Workers have long been encouraged, and even enticed by some employers, to bring their own devices to work as a way to spur productivity and as a quick approach to making the workforce more mobile.
But now the reality is setting in and "bring your own device" (BYOD) is viewed as fraught with security challenges with many BYOD devices housing hundreds of apps that aren't "enterprise ready," reveals a Netskope report.
In fact the report notes a whopping 88 percent of cloud apps employed within a BYOD environment aren't safe for the enterprise environment, with about 15 percent of employee credentials being compromised and approximately 25 percent of cloud-based files being shared with outsiders.
The security outlook is more than a bit grim, says Netskope CEO Sanjay Beri.
"A decade ago, companies issued laptops to users with tightly controlled access to a handful of enterprise applications," Beri told Tech Times. "Today, people and lines of business are pretty much free to use whatever apps they want from the devices they choose -- or they do without permission."
Netskope's latest study (registration required) compiled anonymized statistics from tens of billions of events relating to cloud apps that were used by millions of users. The study found an average of 614 cloud apps were in use at a given organization and approximately 88 percent aren't secure enough for the enterprise environment.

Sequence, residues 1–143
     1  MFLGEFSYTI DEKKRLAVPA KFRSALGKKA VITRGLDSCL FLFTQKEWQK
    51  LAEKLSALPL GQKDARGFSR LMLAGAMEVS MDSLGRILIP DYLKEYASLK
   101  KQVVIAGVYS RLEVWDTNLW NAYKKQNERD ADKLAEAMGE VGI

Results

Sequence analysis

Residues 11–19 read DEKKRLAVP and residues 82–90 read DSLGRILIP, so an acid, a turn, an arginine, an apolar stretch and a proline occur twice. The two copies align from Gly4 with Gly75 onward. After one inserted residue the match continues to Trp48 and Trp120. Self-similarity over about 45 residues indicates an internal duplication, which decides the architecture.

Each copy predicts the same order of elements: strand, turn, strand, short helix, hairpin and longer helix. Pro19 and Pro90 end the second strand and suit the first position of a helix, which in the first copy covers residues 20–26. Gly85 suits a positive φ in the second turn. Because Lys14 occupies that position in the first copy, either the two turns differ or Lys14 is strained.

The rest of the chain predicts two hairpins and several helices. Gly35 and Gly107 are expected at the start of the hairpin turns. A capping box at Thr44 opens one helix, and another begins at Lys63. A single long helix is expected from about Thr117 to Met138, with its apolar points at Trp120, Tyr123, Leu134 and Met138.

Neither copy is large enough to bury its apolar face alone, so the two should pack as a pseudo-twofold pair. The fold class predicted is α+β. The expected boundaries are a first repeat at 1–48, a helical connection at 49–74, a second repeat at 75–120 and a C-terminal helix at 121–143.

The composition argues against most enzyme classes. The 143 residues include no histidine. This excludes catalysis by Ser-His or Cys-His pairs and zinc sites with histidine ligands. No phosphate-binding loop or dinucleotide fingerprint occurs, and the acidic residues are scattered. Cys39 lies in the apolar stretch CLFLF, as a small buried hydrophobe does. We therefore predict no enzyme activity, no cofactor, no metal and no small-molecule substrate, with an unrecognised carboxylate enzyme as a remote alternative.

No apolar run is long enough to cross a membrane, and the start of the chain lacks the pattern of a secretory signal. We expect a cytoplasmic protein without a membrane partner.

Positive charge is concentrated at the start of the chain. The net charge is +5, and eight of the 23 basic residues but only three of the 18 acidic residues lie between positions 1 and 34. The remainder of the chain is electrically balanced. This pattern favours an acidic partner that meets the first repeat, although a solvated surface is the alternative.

"Think about what that does to enterprise risk -- it means that IT no longer controls where corporate data are going," says Beri. "It means users whose account credentials have been compromised in a breach are using those credentials in other apps, some of them business-critical. And it means apps that aren't enterprise-ready are touching important business systems."
That is evidenced in the rise of the average number cloud apps in use and the conditions fostering a higher frequency of enterprise breaches. There is no denying that security lapses will only increase in 2015.
"Organizations who embrace the way technology is consumed, seek to understand their own risk, and put controls around access and usage of these cloud and mobile technologies will mitigate risk and reduce the chances and magnitude of a security incident," Beri says.
Netskope's Chief Architect, Ravi Ithal, offered up five tips for getting a better handle on cloud app security. Here is an abridged version:
1. Discover all of your business-critical cloud apps.
2. Secure access to your business-critical apps with multifactor authentication.
3. Consider using single sign-on for business-critical apps.
4. Ensure you can go back after suspicious activity and easily construct an audit trail on activity with business-critical cloud apps.
5. Keep an eye out for anomalies. Excessive downloads or shares or out-of-the-ordinary access patterns may signal compromised credentials.